Not only has Dyball found what he considers his “best form” to date, the former Canberra Tour and Tour of Tasmania winner’s about-face in form has infectiously fed his teammates with both experience and motivation.
“Ben is obviously a massive talent who has done a serious amount of racing, so it’s definitely motivating to ride with someone of his capabilities,” said St. George teammate and fellow Australian Jay Dutton. “Personally, I’ve found him to be really insightful with training advice, but I think the whole team has been pretty impressed to see just how disciplined he is with his whole approach to racing — clearly it pays off.”
Dyball says he is healthier and happier than he has been in a long time.
“I’m happy where I am, just enjoying racing at my best again. After last year I was not going so well and worried I would never get back to my best form,” he said. “I’m really happy I’ve been able to get that back.
“I noticed the happier you are the better you go. [It] just makes everything easier,” Dyball continued. “It makes such a big difference. I’ve been on teams where riders didn’t seem to want to be at the race, whereas on this team everyone wants to race — and race hard — and give it everything for each other, not just for themselves.
“Everyone is happy no matter who wins on the team.”
— World Cycling Stats (@wcstats) April 3, 2018
The future is now
Dyball and company are not the only ones to take notice of his resurgence. Andrew Christie-Johnston, Dyball’s sports director for four years with Australian Continental team Genesys Wealth Advisors-turned-Avanti Racing (now Bennelong SwissWellness), has kept a close eye on Dyball since his 2015 departure due to budget restraints.
“I am aware of Ben’s great start to the season in 2018 and no I’m not surprised one bit by it,” Christie-Johnston told Cycling Tips. “I think Ben is a classy climber and he has always shown this over many years.
“I don’t think Ben has really changed a lot to be honest. The only thing that will have changed is that every year he gains more experience and that accounts [for] a lot when you are at the business end of bike races.”
Dyball is one of many riders to have honed his craft under the ‘ACJ’ learning tree. Others include WorldTour riders Richie Porte, Nathan Haas, Chris Hamilton, Ben O’Connor, Will Clarke, Patrick Bevin, Jack Haig, Steele von Hoff, Nathan Earle, Campbell Flakemore and Brenton Jones. Dyball would still love to ascend to the WorldTour, but it’s a goal he is realistic toward given his age.
“I don’t think too much about the future,” claimed Dyball. “I picked up the bike at 13 and did a little on the track before focusing on mountain bikes. I missed out on the under-19 worlds selection and that’s when I swapped to the road. So I didn’t start riding seriously until 21.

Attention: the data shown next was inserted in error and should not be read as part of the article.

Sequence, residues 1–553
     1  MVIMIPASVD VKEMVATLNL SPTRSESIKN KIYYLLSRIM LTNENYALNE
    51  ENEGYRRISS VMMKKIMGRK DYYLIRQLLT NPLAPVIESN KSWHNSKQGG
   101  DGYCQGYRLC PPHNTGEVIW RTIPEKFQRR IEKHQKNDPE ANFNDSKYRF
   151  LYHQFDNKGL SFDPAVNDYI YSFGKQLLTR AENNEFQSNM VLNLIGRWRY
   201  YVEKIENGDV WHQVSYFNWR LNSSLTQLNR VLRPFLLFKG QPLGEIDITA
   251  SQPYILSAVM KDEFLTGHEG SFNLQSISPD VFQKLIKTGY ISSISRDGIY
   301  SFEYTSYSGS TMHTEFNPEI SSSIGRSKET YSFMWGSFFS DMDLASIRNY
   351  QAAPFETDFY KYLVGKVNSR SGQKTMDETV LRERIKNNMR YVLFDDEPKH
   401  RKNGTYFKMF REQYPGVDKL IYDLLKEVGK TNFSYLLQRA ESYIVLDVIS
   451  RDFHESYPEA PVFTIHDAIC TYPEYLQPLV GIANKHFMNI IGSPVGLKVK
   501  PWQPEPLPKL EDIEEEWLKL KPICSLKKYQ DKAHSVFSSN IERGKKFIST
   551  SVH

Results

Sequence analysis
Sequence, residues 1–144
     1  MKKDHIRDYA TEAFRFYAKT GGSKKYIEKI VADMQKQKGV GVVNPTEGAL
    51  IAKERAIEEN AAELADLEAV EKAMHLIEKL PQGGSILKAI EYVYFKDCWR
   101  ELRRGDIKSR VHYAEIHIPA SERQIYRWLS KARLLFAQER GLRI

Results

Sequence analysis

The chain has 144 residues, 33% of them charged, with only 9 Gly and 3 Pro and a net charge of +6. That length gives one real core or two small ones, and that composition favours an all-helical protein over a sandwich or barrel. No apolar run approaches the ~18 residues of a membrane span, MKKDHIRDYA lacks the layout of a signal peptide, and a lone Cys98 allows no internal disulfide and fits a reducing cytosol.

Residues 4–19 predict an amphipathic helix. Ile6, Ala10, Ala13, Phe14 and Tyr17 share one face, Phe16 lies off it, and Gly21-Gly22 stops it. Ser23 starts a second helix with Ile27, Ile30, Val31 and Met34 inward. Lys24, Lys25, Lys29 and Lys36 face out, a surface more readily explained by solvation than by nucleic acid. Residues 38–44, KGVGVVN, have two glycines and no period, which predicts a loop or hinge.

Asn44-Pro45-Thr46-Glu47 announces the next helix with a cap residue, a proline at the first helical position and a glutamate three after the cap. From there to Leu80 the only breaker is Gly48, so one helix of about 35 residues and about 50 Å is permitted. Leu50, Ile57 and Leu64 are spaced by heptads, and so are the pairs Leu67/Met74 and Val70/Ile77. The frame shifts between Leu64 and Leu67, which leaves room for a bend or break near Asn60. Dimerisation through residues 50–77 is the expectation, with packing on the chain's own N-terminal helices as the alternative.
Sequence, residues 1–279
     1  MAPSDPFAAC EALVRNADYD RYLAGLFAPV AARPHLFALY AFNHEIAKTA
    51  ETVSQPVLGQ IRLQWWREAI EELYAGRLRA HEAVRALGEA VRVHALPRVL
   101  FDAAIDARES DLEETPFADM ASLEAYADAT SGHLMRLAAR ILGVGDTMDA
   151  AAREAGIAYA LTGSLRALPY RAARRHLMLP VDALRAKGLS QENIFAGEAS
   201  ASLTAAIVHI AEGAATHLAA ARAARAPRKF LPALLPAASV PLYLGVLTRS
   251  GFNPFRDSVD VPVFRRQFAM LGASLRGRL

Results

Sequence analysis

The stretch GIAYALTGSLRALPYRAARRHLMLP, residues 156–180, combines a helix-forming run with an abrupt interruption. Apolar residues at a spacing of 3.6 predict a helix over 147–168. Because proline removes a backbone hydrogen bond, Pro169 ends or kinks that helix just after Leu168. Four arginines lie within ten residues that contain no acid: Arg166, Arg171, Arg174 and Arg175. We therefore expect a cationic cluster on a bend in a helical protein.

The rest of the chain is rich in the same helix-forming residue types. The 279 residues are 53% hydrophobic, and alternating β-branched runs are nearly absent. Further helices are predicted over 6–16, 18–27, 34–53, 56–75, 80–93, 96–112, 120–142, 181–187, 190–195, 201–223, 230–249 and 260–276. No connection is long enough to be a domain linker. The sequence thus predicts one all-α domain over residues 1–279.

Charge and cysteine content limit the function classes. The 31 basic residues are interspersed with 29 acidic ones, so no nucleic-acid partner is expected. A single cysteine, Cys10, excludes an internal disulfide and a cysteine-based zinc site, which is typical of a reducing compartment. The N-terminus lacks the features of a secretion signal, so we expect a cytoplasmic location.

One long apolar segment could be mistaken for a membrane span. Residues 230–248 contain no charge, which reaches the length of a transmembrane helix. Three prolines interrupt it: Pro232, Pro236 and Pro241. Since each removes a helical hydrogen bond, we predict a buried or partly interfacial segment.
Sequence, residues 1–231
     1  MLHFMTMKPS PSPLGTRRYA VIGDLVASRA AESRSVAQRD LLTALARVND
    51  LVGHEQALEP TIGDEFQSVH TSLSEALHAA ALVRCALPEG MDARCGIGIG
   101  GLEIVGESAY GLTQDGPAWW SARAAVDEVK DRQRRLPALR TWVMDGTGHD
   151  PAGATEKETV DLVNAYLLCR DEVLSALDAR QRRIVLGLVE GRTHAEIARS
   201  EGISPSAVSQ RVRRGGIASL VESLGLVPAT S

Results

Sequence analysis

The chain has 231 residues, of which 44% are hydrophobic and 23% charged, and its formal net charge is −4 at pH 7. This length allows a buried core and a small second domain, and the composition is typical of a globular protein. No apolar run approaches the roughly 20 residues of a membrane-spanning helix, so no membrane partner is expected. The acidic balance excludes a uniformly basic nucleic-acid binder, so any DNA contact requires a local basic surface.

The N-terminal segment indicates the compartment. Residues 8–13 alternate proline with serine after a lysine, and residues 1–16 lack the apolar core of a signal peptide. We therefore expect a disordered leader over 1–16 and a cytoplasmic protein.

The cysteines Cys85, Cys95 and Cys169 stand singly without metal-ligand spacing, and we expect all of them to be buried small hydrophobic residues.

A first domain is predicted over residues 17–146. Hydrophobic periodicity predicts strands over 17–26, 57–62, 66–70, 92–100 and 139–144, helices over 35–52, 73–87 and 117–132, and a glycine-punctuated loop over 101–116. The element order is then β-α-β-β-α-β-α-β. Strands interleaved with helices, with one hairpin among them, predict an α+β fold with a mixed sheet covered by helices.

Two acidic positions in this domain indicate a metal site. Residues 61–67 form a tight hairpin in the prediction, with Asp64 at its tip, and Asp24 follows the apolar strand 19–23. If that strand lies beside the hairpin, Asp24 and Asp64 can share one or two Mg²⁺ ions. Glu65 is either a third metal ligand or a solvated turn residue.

“I would like to have a full year at Pro Conti or above, but I know it’s a bit hard at my age.”
With most WorldTour teams preferring to invest in youth, and opting to only sign 30-year-old riders from other WorldTour or Pro Conti teams, the odds of advancement are stacked against Dyball. But it’s not totally out of the question, according to Christie-Johnston.
“I do think Ben can still make it to the highest level, but via a Pro Conti team. This is the pathway he will likely need to take,” explained Christie-Johnston. “His results speak for themselves and his numbers back up his great talent. I personally would love to see him make it.”
Dutton believes Dyball’s talent exceeds the Continental level he’s racing at and he could easily find success on a professional roster.
“As much as we would all like him to stay, realistically we know Ben genuinely has the ability to be a consistent performer in some of the biggest races in the world,” said Dutton. “So it’s really just a matter of getting that opportunity to show the professional teams just how talented he really is.
“I feel like it’s also been kind of refreshing for all of us that we have a clear objective in particular races now, which has only been made possible by having an established GC leader like Ben.
“We’ve proven this year that we can really target certain objectives as a team, and I think the strength and confidence we’ve displayed has genuinely assisted Ben in being able to deliver so many decent performances.”
As for Dyball, he feels the future is now and he says he is just happy to be enjoying the moment.
“I was just aiming to get some results this year, so to win a race and get podiums on the other two were better than my expectations,” he said. “I’m really happy with my team, happy with life and I’ve actually found better form than I’ve ever had before, so I’m very glad I didn’t stop.
“It proves you should never give up on yourself.”